Employer and business organisations have welcomed the announcement by the Parliament’s Sub-Committee on Education, Skills and the Economy to carry out an inquiry into careers advice and guidance, which will specifically look at careers advice and apprenticeships.
A spokesman for the Association of Employment and Learning Providers said awareness about the advantages of doing an apprenticeship was still not sufficiently high among parents, teachers and young people. Even though legislation on careers guidance in England has now been in place for four years, the lack of impartial advice available in schools about post-16 options was still a big issue, he added.
“The government and Ofsted are working to ensure that the statutory duties for schools are being followed and we need to see more employers and providers invited in to explain face to face with pupils the opportunities that apprenticeships and traineeships offer," the spokesman said. "We are therefore pleased that MPs are looking at the matter again so soon after the last inquiry because the destination data suggests that the proportion of school-leavers choosing to do an apprenticeship has not gone up for some time.”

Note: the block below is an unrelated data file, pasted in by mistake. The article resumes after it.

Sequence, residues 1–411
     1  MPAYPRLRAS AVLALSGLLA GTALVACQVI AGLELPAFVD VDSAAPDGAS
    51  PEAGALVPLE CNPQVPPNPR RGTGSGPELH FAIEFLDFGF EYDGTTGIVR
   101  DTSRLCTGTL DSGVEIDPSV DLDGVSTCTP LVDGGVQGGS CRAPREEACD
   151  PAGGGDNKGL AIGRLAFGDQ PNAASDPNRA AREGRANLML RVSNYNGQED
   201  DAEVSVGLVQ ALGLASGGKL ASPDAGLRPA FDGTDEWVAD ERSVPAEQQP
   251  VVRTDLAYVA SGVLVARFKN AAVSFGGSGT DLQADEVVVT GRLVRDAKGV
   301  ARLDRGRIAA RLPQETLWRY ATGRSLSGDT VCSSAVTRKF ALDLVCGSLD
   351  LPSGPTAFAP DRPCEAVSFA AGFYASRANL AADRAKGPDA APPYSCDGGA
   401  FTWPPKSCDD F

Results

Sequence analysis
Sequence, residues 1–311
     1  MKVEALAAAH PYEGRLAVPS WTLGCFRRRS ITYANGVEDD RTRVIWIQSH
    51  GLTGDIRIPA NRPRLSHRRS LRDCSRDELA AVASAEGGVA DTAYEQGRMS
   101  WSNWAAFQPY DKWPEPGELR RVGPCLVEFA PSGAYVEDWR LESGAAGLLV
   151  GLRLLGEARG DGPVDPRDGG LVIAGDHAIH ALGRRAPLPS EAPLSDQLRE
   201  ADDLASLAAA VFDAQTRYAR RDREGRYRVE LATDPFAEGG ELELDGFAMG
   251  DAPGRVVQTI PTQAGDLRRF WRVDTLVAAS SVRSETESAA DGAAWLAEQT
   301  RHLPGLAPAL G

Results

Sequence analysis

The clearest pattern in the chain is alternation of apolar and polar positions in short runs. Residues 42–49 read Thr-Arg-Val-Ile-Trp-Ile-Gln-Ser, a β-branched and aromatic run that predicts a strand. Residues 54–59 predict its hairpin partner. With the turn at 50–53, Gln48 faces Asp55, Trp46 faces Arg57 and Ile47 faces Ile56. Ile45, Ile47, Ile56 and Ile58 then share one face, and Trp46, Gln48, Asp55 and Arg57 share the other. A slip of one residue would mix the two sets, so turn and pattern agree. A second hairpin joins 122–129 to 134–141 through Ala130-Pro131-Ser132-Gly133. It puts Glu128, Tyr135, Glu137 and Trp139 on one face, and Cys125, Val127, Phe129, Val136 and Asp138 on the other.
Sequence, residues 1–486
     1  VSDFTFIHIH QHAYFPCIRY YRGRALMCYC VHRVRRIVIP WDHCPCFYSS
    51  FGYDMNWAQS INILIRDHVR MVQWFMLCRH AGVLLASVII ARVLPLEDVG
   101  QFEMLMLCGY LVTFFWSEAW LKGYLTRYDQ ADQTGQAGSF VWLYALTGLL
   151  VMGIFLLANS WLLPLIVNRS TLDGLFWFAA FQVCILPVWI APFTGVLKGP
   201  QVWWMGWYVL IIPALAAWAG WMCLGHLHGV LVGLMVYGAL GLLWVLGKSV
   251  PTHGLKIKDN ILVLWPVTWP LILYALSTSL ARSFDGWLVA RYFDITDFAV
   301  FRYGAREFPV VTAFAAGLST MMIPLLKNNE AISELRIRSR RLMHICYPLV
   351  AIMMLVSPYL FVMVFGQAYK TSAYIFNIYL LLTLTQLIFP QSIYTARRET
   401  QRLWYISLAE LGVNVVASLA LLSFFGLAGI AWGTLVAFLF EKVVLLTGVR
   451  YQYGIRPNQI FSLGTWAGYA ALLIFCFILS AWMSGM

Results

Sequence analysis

And Steve Nash, chief executive of the Institute of the Motor Industry, said: “Currently, with no formal careers advice in schools, young people aren’t getting the direction they need to make the best choices for their future. There is a real conflict of interest between schools holding onto 16- to 18-year-old pupils to bolster their funding and the clearly stated desire by government to see more taking the apprenticeship route.”
The inquiry was announced yesterday, and the committee is asking for written submissions on the quality of current careers advice and guidance provision, as well as, among other things, careers advice and apprenticeships, and how careers advice in schools and colleges can help to match skills with labour market needs. The deadline for submissions is 20 January 2016.